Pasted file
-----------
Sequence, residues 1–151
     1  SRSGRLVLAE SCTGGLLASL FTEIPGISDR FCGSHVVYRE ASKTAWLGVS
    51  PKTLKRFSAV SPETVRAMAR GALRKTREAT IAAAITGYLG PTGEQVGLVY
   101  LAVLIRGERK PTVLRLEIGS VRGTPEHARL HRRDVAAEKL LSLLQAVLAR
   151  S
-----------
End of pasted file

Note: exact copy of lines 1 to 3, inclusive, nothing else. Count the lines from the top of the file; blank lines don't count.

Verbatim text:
Sequence, residues 1–151
     1  SRSGRLVLAE SCTGGLLASL FTEIPGISDR FCGSHVVYRE ASKTAWLGVS
    51  PKTLKRFSAV SPETVRAMAR GALRKTREAT IAAAITGYLG PTGEQVGLVY